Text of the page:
I was genuinely surprised to see how steady both CFO and CAPEX is for CNI. Both are rising, but remaining relatively proportional to one another. About roughly half of CNI’s CFO goes back into CAPEX, which is actually not too bad for the industry. This is a bit more steady than CP’s CAPEX, which is nice to see.
Debt and Liquidity
Unfortunately, CNI’s liquidity issues seems to be similar to CP’s, which is not heartwarming. I know this is standard for the industry, but I am not quite sure why. This is a bit concerning, especially when the company would want cash during a bidding war.
If anyone knows why the companies operate this way, please let me know!
The lynchpin for CNI’s growth (or CP’s growth) is, of course, the KSU acquisition. Whichever company gets KSU, they will immediately become more valuable than the other.
Disregarding the KSU situation, I think that CNI seems to have a bit more growth plans than what I saw from CP. Their transmodal growth seems to be quite promising. CNI is embracing technology as much as they can in order to increase efficiency as well.
CNI seems to have put in the work to achieve a point here, but again, everything seems to hinge on the KSU merger.
Score: 1 Point
A Business That is Operated by Honest and Competent People
President & CEO
Jean Jacques Ruest is the current CEO of CNI. He has been leading the company since 2018 when he was appointed to the position.
Mr. Ruest has been with CNI since 1996, which is right around the time the company was taken private. Before he was CEO, Mr. Ruest was the Chief Marketing Officer.
It seems like he’s doing good things, since in 2019 he was awarded the Railroader of the Year award.
CNI is largely held by institutions and the general public. Cascade Investments VC firm owns about 11%, with the remainder being held by individuals. Of note, Melinda Gates it the largest individual shareholder, owning about 3% of the company.
The CEO owns roughly .12%, or $89M CAD in the company. This is likely a large amount of his personal net worth, so this is great to see.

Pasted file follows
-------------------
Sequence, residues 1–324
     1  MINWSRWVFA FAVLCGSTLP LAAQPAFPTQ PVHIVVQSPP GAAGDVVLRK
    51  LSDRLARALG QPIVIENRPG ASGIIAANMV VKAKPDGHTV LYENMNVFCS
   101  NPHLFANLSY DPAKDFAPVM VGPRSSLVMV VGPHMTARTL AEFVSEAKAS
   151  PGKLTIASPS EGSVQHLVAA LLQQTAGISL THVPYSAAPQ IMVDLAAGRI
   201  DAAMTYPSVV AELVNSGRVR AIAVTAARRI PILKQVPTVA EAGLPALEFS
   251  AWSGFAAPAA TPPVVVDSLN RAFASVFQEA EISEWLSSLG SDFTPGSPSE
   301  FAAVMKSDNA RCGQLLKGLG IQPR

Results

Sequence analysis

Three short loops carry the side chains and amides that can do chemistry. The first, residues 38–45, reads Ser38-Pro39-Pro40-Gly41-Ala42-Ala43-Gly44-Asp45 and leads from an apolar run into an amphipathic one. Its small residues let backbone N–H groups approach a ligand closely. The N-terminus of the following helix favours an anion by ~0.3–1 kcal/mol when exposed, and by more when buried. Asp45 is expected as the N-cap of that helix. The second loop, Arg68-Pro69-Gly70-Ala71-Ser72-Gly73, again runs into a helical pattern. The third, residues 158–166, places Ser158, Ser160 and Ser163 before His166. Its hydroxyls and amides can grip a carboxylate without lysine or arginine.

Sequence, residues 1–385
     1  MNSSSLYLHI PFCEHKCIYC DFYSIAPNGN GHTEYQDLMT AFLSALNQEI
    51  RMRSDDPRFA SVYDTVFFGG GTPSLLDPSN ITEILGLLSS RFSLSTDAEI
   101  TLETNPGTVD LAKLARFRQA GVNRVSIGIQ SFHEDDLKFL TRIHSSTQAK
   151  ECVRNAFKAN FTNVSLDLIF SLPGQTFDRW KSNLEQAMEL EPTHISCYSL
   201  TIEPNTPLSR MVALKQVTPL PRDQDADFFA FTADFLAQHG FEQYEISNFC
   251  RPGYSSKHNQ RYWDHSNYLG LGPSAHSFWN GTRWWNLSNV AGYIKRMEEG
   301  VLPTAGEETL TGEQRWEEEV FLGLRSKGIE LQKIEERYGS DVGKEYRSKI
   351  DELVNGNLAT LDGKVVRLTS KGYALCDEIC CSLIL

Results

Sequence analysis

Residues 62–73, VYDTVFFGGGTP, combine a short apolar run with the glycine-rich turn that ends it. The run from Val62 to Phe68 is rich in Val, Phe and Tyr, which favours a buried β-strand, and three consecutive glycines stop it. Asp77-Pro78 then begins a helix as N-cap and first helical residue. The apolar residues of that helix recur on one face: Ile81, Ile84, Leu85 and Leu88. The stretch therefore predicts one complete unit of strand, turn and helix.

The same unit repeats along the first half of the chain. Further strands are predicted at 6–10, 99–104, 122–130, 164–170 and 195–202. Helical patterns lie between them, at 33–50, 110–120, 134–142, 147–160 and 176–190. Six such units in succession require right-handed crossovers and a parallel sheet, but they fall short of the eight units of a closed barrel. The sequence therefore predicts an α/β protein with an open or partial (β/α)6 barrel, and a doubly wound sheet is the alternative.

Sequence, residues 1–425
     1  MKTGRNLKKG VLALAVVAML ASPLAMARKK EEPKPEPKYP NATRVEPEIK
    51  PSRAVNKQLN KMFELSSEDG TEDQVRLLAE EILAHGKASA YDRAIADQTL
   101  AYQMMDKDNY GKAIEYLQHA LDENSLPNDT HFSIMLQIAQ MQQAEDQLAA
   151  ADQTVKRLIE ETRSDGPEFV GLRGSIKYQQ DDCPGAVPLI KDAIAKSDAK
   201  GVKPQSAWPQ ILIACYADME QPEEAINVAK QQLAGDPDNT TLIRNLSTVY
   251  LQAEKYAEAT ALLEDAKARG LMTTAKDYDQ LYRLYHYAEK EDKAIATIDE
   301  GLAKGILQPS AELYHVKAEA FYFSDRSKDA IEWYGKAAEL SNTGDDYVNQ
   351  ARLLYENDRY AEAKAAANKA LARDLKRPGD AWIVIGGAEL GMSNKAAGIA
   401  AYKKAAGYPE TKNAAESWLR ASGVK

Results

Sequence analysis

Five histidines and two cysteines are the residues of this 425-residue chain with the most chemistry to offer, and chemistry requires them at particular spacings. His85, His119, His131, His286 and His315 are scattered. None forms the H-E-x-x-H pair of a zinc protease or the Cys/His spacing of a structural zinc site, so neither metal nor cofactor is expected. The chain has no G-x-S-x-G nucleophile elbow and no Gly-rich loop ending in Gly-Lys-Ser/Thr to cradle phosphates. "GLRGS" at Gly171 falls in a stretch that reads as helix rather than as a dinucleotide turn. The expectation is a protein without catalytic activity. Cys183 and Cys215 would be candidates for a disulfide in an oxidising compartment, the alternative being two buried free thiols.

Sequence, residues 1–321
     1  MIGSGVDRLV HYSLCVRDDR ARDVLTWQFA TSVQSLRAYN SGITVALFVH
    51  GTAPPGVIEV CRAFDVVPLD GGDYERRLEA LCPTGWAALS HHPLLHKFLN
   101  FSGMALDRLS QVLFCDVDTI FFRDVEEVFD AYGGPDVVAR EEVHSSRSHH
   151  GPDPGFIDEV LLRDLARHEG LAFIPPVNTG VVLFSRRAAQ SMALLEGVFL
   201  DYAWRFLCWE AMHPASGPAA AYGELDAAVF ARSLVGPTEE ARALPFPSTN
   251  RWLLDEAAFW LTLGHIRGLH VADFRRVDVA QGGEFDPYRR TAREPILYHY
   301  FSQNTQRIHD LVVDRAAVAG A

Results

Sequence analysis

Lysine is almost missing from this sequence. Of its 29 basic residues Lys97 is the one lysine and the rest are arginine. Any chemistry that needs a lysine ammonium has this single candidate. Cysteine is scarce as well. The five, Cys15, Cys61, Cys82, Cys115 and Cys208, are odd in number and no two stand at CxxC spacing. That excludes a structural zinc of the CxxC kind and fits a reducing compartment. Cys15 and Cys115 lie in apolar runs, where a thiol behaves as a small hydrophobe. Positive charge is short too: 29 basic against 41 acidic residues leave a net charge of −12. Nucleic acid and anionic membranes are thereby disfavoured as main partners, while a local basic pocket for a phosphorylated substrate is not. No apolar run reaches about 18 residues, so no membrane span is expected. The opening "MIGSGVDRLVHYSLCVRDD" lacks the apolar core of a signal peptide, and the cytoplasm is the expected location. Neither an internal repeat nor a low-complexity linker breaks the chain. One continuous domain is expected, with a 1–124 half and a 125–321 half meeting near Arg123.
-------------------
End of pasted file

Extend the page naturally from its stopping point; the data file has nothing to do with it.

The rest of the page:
ROIC and Profitability
Similar to CP, CNI’s gross margins, ROE, and ROIC are looking very good for an older railroad company. The only thing I find slightly concerning is the small dip in ROE and ROIC over the past few years. This is most likely due to investments in growth CAPEX.
CNI has been rewarding shareholders as a typical railway company does: dividends and stock buybacks. The company has issued a healthy and growing dividend ever since they went private back in ‘95.
CNI paused their share repurchases in 2020 due to the unforeseen impacts of COVID and have kept them low recently due to the pending KSU acquisition. Once the KSU drama is finally resolved, I would expect these buybacks to kick back in.
The CEO does not have much of a track record that I could find, but the company’s executive team as a whole seem to be making the right decisions. I like that there are some decently large individual stakes in the company as well.
Score: 1 Point
A Business That is Available at an Attractive Price
Free Cash Flow
CNI has seen some pretty steady FCF growth over the past decade, nearly doubling FCF in that time frame. Of course, this steady business has come at a pretty high multiple. CNI’s P/FCF seems to hover around 50x and even reached a whopping 140x before the pandemic!
I find it pretty hard to determine CNI’s FCF growth rate over the next coming years. Of course, things rely on the success or failure of the KSU acquisition.
Since the acquisition is far from complete, I will calculate that they will continue to maintain steady operations. This means they will continue to compound FCF at around 10% per year, and slow down to 8%.
CNI seems to hover around the 35x - 50x P/FCF multiple, so I will go with 35x to be conservative.
Discounted Cash Flow
Here’s my DCF work on CNI with zero margin of safety:
And here’s a 15% margin of safety:
Current CNI share price: $108.08
My buy price: $77.39
Ironically, CNI is just about similarly overpriced as CP. According to my estimates, CNI is currently offering about a 12% return with no margin of safety, which gives it a slight advantage over CP’s 11% return.
Even though it is offering a decent return, I think the price of the KSU is almost completely baked in the current price. I think I would be uncomfortable purchasing the stock at this price pre-acquisition.
Score: 0 Points
Final Thoughts and Score
Canadian National Railway (CNI) Score: 3/4
So, in the head to head battle for the railway of Canada, I think CNI has a slight edge here. Both are overvalued, but I think that CNI has two important things over CP:
Lots of reinvestment opportunities for future growth (at least more than what I saw with CP)
Management and ownership seems slightly more favorable to shareholders
But these are somewhat minor differences. CNI seems to be the a bit more slow and steady growing, while CP has been able to churn out impressive 25% annualized FCF growth.
I will be watching with bated breath to see who wins this acquisition battle over KSU. Whichever company wins (pending regulation approval) will undoubtedly be the king of the North American railroads.